Take a look at those pictures. They are modern gaming or at least one aspect of it. I took them at the Intel Extreme Masters in Katowice, Poland. It was held in Spodek, a sport’s arena, and that does not seem inappropriate. I was there signing copies of Illidan at the Blizzard shop. At least, that’s what I came to do. I ended up an awestruck onlooker at a phenomenon the like of which did not exist when I was the age of most of the people present.
It’s a measure of how much the world has changed since the 70s. When I was a teenager, video games were something you saw in Science Fiction movies. They did not exist in the real world at least for people like me. They’ve grown through my lifetime from block graphics running on a ZX 81– with its 1 Kb memory, yep, you read that right– right up to today’s broadband-connected Xbox Ones, Playstation Fours and high-end gaming rigs.
These events represent a huge wave of technological and social changes. It’s not just the software and machines that the games run on. It’s the infrastructure that makes esports possible as a spectator sport. The internet, streaming, distributed broadcasting platforms like YouTube. Ultraportable digital camera systems. A swarm of technological miracles.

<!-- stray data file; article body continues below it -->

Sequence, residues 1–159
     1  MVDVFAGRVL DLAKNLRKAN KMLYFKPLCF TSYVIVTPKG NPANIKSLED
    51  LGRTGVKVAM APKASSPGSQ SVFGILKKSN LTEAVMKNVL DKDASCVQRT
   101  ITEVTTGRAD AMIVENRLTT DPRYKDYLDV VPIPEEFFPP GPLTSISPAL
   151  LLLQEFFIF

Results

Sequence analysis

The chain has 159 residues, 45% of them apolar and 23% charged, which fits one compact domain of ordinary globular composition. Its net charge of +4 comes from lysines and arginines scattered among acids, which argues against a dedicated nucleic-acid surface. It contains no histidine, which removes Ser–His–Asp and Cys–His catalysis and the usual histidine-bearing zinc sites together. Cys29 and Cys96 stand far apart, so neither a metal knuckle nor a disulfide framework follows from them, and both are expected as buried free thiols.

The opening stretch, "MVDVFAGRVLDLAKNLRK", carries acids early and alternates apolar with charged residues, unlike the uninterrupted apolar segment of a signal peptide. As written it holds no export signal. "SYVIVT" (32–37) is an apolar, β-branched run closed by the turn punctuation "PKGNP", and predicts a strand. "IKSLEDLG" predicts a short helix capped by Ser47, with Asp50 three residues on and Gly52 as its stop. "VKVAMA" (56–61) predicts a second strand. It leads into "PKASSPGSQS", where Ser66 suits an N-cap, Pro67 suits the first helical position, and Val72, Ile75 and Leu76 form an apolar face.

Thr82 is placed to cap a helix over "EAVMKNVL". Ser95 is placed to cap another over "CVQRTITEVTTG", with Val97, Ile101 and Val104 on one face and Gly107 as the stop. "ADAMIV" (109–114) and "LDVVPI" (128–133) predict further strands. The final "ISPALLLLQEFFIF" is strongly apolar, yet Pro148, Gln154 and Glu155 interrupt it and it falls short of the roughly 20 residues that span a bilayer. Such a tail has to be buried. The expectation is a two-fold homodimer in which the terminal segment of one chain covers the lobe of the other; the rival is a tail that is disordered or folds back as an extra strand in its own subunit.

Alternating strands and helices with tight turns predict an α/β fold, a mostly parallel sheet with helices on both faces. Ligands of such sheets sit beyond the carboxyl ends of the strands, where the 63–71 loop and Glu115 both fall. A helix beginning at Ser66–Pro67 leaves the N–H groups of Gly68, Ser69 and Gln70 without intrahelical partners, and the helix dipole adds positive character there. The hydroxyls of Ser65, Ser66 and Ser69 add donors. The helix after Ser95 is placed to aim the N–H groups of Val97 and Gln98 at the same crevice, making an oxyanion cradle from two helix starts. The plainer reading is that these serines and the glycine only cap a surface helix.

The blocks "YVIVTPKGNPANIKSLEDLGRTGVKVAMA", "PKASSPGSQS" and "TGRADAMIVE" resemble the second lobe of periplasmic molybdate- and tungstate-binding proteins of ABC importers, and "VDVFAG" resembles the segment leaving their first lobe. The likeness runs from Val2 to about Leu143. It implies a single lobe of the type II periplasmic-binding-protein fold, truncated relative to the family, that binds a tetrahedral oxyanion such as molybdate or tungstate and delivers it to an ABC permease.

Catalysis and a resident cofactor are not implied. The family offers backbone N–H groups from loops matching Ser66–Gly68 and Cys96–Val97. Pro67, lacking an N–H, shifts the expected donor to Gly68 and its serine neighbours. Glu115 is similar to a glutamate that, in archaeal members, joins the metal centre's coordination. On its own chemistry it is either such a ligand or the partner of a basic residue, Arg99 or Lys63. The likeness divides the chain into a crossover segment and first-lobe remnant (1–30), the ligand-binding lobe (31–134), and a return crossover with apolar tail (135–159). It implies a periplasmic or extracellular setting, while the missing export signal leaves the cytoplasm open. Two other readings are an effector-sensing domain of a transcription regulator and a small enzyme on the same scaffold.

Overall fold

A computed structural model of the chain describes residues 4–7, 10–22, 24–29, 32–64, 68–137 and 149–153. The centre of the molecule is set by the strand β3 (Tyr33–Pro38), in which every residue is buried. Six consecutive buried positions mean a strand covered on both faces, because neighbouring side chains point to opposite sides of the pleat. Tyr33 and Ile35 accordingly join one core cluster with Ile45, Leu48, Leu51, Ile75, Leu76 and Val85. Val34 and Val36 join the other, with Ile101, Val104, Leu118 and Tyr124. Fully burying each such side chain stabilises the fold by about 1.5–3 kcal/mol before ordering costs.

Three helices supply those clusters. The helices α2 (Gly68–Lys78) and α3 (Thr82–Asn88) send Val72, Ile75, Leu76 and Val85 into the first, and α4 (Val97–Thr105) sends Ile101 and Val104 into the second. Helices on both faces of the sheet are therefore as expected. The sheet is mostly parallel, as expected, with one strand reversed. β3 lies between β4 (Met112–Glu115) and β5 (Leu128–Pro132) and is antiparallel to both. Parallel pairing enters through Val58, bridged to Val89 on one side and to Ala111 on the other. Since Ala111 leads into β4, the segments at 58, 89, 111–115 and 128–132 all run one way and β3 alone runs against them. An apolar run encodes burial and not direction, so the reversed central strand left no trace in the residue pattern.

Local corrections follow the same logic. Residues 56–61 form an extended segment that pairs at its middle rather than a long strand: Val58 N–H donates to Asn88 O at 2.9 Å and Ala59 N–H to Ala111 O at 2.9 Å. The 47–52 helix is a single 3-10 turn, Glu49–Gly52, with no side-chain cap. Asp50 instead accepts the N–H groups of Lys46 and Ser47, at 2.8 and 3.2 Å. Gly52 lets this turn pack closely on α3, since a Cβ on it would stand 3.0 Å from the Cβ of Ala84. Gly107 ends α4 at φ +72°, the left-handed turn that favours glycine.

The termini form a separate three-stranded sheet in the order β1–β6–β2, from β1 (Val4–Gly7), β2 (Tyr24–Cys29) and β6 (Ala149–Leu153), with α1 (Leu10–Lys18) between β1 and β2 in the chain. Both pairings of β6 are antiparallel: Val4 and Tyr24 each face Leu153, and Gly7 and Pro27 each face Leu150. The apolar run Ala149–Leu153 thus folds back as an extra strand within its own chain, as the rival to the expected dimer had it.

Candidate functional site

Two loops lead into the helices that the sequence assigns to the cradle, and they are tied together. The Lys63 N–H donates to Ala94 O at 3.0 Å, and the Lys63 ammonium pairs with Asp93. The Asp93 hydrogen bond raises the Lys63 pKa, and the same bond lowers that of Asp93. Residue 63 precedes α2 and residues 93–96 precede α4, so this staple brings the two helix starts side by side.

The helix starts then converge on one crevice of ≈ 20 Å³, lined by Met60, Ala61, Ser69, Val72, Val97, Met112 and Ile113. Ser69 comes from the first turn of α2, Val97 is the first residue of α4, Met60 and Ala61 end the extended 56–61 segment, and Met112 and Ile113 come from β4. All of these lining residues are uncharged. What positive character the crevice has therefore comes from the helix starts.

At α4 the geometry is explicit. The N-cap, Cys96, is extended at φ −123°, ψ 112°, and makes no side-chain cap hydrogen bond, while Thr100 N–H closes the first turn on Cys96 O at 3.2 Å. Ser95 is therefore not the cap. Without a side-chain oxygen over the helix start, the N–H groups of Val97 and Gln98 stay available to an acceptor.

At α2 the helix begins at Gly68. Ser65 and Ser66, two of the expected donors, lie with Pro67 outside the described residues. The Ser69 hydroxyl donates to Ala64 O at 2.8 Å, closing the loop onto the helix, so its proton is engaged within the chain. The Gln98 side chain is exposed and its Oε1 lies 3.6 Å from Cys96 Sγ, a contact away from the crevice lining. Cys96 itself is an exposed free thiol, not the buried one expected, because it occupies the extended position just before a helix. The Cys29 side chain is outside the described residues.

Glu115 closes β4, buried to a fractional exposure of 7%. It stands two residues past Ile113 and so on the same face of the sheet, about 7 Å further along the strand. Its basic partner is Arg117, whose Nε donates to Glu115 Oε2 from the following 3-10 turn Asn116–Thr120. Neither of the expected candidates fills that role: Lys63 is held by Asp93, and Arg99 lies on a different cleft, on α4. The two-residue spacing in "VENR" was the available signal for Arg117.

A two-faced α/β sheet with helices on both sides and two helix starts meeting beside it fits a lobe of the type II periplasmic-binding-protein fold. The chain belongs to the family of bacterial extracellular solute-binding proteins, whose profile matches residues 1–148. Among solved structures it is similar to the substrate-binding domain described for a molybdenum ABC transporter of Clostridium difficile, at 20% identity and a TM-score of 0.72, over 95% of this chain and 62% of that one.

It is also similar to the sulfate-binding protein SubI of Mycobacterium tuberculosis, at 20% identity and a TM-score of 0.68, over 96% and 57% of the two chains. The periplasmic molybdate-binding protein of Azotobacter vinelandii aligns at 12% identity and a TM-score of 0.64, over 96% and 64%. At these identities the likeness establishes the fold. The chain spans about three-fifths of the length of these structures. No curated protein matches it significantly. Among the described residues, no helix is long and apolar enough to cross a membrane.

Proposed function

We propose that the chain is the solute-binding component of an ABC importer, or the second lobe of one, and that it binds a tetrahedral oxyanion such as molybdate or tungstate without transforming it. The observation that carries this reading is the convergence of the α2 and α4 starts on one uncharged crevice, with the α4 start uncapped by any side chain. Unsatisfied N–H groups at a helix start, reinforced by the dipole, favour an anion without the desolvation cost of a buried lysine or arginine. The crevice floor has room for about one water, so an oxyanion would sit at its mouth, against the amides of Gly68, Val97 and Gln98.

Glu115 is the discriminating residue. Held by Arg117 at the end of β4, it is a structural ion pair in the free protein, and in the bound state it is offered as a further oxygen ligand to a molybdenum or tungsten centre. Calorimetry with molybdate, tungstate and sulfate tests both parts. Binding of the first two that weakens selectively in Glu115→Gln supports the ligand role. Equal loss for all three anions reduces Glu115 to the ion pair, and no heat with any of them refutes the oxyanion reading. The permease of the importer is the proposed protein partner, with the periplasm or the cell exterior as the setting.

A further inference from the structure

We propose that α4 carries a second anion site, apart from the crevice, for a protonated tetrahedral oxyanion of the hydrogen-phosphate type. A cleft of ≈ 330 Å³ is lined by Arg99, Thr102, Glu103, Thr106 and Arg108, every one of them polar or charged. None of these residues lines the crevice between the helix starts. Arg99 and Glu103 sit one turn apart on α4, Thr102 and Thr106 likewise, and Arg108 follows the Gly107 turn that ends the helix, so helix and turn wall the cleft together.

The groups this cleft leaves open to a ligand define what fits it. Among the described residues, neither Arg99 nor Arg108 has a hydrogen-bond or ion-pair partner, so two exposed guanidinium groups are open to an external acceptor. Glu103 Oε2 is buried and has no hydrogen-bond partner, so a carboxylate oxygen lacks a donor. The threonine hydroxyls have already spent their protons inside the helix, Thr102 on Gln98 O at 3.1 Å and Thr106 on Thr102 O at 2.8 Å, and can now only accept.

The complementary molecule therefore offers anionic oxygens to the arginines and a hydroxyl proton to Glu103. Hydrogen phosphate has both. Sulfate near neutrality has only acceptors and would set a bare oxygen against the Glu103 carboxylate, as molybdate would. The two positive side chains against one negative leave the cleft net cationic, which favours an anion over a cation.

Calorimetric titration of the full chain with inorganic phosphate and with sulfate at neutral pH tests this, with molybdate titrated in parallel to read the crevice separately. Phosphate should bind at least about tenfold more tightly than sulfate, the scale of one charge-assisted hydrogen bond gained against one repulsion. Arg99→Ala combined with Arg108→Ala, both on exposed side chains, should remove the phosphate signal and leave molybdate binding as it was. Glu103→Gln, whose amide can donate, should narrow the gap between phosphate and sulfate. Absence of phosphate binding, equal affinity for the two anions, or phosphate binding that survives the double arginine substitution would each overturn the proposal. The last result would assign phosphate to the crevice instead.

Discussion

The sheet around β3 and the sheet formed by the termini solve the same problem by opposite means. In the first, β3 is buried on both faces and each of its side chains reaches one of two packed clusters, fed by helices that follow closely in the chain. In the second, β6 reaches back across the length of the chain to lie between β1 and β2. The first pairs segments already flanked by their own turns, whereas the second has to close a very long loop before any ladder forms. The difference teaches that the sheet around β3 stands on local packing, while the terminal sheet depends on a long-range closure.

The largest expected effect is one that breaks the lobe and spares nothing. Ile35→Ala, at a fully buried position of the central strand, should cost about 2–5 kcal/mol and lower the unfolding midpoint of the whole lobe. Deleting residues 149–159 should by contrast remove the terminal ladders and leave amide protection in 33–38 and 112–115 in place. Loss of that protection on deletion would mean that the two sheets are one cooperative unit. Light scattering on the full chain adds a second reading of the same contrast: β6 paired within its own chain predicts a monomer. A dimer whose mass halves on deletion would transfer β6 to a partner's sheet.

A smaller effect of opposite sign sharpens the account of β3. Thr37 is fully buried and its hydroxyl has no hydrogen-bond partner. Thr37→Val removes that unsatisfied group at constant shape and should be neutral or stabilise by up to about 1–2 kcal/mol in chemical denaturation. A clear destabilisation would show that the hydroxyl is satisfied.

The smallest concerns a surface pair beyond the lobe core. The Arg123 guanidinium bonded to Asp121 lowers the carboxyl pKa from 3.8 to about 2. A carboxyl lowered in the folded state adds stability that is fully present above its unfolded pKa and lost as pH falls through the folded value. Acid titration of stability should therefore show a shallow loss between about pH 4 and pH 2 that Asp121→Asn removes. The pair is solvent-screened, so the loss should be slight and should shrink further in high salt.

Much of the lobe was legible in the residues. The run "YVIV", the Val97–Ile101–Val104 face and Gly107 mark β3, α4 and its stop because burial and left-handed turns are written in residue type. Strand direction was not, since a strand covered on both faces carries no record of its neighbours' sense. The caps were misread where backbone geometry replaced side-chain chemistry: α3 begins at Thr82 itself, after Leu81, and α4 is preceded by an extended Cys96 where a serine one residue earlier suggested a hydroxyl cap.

And then there’s the media infrastructure that let’s you follow the players and teams and games the way newspapers and magazines used to let you when I was growing up. I was interviewed by people using mobile phones to record the chat, photographed on the same phones. Stuff that once took a studio can be done on a device carried in a pocket. I talked with people young enough to be my grandchildren whose shows reach the sort of audiences only possible to mass media when I was their age. Broadcasting empires run from bedrooms. I don’t know why it surprises me. I do the same thing in my own small way with my indie-published ebooks.
I think it was the scale of the thing that really struck me. Standing in those huge crowds, looking at those vast screens, is a very different thing from watching a game on the screen of your laptop. And that’s kind of the point. The only comparable thing I can find in my own experience is being in the crowd at a football game. I suppose that’s the statement being made too. This is an event on that scale. It has the same kind of coverage, the same kind of impassioned commentary, the same kind of audience involvement. Watching the kills in Counterstrike in realtime is a different from watching a streamed video. It’s the difference between watching a recording of the big game and being at the match.
For me, it’s something new in the world. It tickled my sense of wonder. For most of the people in the audience, I am sure it is simply everyday life.
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